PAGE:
LAS VEGAS (KTNV) — A packed meeting intended to address racial tensions at Las Vegas valley schools ended in more controversy on Saturday after a father accused a teacher of referring to his daughter as a slave.
Clark County School District Superintendent Jesus Jara met with parents at the Dootlittle Community Center on April 20 to discuss racial disparities in the school system and plans moving forward.
At the meeting, Rasheed Bismillah said an African American teacher at Thurman White Academy referred to his daughter, Amaya, and four other African American girls as slaves on April 10.
"He brought it up in class," Bismillah said. "[He said] 'What do you see more of in this class than you see in Africa?' They answered the question and he said 'no' and he said 'slaves.'"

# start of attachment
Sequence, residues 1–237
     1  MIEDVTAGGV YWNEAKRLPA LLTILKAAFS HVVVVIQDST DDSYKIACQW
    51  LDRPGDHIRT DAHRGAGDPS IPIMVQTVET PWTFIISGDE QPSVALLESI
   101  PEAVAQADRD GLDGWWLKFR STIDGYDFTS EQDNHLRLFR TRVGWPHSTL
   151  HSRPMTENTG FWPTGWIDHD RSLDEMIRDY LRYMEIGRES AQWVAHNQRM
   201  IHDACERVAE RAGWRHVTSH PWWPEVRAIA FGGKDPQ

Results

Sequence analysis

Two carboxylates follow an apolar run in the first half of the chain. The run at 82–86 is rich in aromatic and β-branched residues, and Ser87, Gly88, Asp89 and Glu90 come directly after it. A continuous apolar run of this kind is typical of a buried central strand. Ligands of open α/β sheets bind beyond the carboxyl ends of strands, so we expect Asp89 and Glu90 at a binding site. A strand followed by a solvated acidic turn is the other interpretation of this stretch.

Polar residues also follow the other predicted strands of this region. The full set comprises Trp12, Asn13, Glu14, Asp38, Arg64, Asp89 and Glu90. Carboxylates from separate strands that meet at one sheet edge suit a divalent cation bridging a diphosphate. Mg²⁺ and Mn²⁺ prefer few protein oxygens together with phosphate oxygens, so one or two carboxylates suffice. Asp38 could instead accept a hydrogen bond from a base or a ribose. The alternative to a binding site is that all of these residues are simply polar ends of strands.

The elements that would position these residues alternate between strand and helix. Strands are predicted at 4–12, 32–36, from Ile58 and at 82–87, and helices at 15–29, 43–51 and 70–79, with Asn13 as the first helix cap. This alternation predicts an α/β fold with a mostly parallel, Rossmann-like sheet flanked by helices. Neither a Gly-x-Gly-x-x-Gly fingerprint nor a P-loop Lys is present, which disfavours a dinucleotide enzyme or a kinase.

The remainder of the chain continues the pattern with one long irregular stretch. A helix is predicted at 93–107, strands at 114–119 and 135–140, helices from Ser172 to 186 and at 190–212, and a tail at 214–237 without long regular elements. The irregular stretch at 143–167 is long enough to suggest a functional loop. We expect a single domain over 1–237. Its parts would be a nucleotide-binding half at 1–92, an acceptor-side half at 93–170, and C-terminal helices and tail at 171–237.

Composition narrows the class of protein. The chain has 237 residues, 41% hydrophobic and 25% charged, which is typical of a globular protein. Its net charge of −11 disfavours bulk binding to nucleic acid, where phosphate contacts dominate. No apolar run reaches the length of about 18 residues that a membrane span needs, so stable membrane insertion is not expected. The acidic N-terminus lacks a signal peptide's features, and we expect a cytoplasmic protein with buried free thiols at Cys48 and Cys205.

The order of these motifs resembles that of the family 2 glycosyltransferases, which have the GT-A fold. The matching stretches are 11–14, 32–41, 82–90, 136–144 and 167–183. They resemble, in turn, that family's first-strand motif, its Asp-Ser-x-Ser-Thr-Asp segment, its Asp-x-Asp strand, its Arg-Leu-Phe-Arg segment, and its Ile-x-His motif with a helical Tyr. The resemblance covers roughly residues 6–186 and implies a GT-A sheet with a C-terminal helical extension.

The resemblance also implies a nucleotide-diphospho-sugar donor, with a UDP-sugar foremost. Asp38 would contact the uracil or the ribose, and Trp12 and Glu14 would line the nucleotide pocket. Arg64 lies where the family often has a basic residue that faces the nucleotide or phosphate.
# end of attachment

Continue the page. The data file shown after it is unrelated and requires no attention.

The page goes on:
Jara didn't comment on specifics about the accused teacher and said an investigation has been opened into the claim.
"I immediately handed it over to my Deputy Superintendent and Chief of Staff," he said. "It's currently under investigation."
The CCSD meeting was held in the wake of a previous controversy where two students were charged with making terroristic threats, and a third student cited, in connection with an Instagram account that appeared to contain racist threats aimed at students of Arbor View High School in late March.
"It's something I don't tolerate," Jara said.
He said the school district is working to implement district wide cultural sensitivity training, standardize discipline protocols across every school in the district, and several other programs to eliminate discrimination.
Las Vegas NAACP President Roxann McCoy said that was a good start but she would like to see results.
"I'm glad we're having the conversation," McCoy said, "but I would like to know a final timeline as to when these programs will be implemented."
Jara said the standardized discipline program would be presented to the board in 45 days.
Bismillah's daughter Amaya said she has since transferred to a different class with a different teacher.